Liberty and Equality

Posted on November 28, 2019


It seems to me that we are guaranteed two rights, liberty and equality, in the founding instruments of our republic, the Declaration of Independence and the Constitution. There are other rights, like the freedom of religion, and principles, like government as Abraham Lincoln phrased it, “of the people, by the people, and for the people” in his Gettysburg Address of 1863.

The new government also included free markets, limited government, the vote, and a democracy in contrast to old style monarchies across Europe and, indeed, much of the world. These were radical departures from the norm, looking back to classical Greece’s experiments with democracy and to the Bible for morality and God’s place in this new form of not only government, but also in governing men.

Both liberty and equality were expressed as necessary for the new “experiment” to work, but, by the same token, both were ideals. There is no such thing as absolute liberty or absolute equality in the equation of how men behave.

The equality principle is meant to foster or encourage equality under the law. That slavery existed in this country until the Civil War was a glaring deficiency in the equality principle, and the abolition of slavery was a major achievement in moving equality towards reality.

The same is true of liberty. Absolute liberty produces absolute chaos. Everyone doing what they please are so contrary to the rule of God and man as to be almost unnecessary to even mention. In Scripture, God was so displeased and outraged by men doing whatever they pleased that he destroyed all living creatures, big and small, save for a few he saved through Noah and his Ark.

We have been dealing with the ideals of liberty and equality now for at least three hundred years since our colonial forefathers concluded in the eighteenth century that the English King and Parliament were depriving the colonists of both, and, ergo, the American Revolution.

The pendulum of emphasizing one or the other has swung back and forth over the years. In the late nineteenth and well into the twentieth century, we tended to liberty, and under unbridled capitalism we produced an immense amount of wealth. Think robber barons, Rockefellers, Carnegies, and the like. When capitalism apparently failed in the stock market crash of 1929 followed by the Great Depression, we pushed liberty down a bit and elevated equality to try and distribute some of this great wealth in some fair manner. Actually, the first income tax had been enacted in 1913 as a progressive movement shook the gigantic trees of capitalism with another ideal: spread the wealth equally, make sure all the nuts and fruit falling down (wealth) from liberty of enterprise fell on all, some obviously more than others, but not strangling the poor and those not privileged by capitalism.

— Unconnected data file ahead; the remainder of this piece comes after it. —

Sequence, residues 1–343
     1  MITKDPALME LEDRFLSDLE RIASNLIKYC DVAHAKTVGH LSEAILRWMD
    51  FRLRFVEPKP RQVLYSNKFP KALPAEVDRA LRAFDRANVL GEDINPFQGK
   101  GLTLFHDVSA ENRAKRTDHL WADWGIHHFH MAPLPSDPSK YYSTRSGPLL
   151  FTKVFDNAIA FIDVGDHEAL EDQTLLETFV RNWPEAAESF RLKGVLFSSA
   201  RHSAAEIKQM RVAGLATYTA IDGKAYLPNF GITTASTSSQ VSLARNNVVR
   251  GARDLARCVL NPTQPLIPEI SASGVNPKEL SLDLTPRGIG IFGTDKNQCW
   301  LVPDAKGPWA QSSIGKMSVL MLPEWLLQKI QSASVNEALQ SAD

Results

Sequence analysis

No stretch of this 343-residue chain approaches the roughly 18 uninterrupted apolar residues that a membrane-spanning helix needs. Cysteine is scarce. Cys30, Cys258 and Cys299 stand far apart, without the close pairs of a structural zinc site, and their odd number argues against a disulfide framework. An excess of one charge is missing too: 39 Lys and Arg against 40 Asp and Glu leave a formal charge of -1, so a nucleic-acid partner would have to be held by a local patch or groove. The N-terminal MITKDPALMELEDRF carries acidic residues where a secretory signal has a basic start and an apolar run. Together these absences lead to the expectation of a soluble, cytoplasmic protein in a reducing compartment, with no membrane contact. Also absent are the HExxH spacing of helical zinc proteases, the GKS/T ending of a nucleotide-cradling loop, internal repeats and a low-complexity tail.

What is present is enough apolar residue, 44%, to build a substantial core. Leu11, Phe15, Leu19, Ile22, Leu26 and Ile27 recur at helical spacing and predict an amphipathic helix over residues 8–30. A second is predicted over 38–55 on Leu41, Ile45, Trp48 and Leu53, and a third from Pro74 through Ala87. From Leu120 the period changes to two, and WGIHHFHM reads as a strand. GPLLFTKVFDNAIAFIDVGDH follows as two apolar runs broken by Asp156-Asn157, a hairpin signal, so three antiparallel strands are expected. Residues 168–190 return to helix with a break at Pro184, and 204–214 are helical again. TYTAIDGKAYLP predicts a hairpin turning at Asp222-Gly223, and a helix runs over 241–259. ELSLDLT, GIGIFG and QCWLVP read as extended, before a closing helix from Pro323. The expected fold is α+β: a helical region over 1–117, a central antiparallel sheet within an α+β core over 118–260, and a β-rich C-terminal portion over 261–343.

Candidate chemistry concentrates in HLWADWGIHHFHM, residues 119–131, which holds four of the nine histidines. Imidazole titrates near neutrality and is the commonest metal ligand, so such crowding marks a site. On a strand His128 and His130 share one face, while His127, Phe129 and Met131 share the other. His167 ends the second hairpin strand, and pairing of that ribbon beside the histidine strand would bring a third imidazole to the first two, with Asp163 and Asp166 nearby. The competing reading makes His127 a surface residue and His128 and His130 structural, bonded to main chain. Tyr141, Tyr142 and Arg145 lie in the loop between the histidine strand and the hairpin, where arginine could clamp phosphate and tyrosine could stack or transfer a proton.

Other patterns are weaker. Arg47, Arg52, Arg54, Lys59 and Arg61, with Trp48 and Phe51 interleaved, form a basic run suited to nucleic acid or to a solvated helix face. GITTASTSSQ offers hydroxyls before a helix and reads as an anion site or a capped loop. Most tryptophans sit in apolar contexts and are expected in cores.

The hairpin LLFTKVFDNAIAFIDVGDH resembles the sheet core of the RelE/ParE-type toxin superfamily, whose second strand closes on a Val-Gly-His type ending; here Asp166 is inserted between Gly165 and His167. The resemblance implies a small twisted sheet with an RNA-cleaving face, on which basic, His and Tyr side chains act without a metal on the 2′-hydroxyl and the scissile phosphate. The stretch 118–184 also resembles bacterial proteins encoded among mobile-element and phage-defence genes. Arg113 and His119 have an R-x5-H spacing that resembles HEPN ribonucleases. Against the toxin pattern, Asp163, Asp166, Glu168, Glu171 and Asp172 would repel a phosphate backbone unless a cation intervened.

In the 1960s, a new wave of equality swept across the country, this time not so much spreading the wealth equitably, but eliminating the laws—think segregation—to integrate those historically outside the circles of capitalism, like African Americans, into the mainstream. Others stood to benefit from the great wave of equality, including women (the pill helped), Hispanics, and American Indians for example. Equality was the drumbeat, and federal programs like Affirmative Action were the weapons to level the playing field.

Today we are located somewhere between liberty and equality, not quite sure which to champion and embrace with enthusiasm. As we approach a presidential election year, the stakes seem larger, more significant, longer lasting. In short, we think our problems and challenges are radical and unprecedented. At stake are not only equality and liberty, but also—explained breathlessly to the less anointed–the very survival of the earth. We are, in short, behaving as people always have, putting ourselves and our problems into the dynamics of the timeline of history and claiming, of course, that our problems and solutions transcend all the past, which was just a prelude to us.

Which do we choose? Politically either socialism or capitalism? Much is claimed by the champions of both these great “isms” of modern life. The arguments for free this and that—education, insurance, medical care, etc.—are argued by socialists as they push for radical equality. This means big government, and big communist and socialist government have always—let me make that clear, always—led to totalitarian and repressive dictatorships, or the near or real eclipse of liberty under monsters like Josef Stalin.

Or a return to relatively unbridled liberty and the abuses of capitalism? People made fortunes of unprecedented dimensions with little accountability and even less thought to their fellow human. There are some exceptions. In the late nineteenth it was Andrew Carnegie who had a social conscience, and Bill Gates of Microsoft is a modern reflection of that conscience. Liberty, in both cases, was attenuated by equality and morality.

Always in the name of offering solutions, let me suggest a good source, the best, for answers: Christian Scripture. For starters, it provides some great principles on liberty, sharing, work, equality, and your relationship with God to start the healing, not promote the dividing, process.

Published as “Somewhere Between Liberty and Equality,” in The Tuscaloosa News, Sunday, Nov. 24, 2019.

Posted in: History, Politics